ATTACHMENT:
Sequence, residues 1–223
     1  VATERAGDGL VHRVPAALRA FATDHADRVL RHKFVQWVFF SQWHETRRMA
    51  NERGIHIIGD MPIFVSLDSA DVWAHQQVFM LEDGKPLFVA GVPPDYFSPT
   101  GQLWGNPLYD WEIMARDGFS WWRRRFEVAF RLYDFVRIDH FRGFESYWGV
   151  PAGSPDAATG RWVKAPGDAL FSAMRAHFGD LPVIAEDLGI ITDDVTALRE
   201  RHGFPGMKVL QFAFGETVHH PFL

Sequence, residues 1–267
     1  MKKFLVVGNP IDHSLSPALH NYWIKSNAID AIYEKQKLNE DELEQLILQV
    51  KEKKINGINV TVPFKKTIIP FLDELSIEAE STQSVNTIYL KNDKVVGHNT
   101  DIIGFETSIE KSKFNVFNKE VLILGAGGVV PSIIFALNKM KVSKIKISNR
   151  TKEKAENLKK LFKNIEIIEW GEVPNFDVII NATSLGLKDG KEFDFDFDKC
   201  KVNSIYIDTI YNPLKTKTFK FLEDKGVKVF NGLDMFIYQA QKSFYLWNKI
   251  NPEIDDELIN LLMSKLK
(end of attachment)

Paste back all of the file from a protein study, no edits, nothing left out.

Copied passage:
Sequence, residues 1–223
     1  VATERAGDGL VHRVPAALRA FATDHADRVL RHKFVQWVFF SQWHETRRMA
    51  NERGIHIIGD MPIFVSLDSA DVWAHQQVFM LEDGKPLFVA GVPPDYFSPT
   101  GQLWGNPLYD WEIMARDGFS WWRRRFEVAF RLYDFVRIDH FRGFESYWGV
   151  PAGSPDAATG RWVKAPGDAL FSAMRAHFGD LPVIAEDLGI ITDDVTALRE
   201  RHGFPGMKVL QFAFGETVHH PFL

Sequence, residues 1–267
     1  MKKFLVVGNP IDHSLSPALH NYWIKSNAID AIYEKQKLNE DELEQLILQV
    51  KEKKINGINV TVPFKKTIIP FLDELSIEAE STQSVNTIYL KNDKVVGHNT
   101  DIIGFETSIE KSKFNVFNKE VLILGAGGVV PSIIFALNKM KVSKIKISNR
   151  TKEKAENLKK LFKNIEIIEW GEVPNFDVII NATSLGLKDG KEFDFDFDKC
   201  KVNSIYIDTI YNPLKTKTFK FLEDKGVKVF NGLDMFIYQA QKSFYLWNKI
   251  NPEIDDELIN LLMSKLK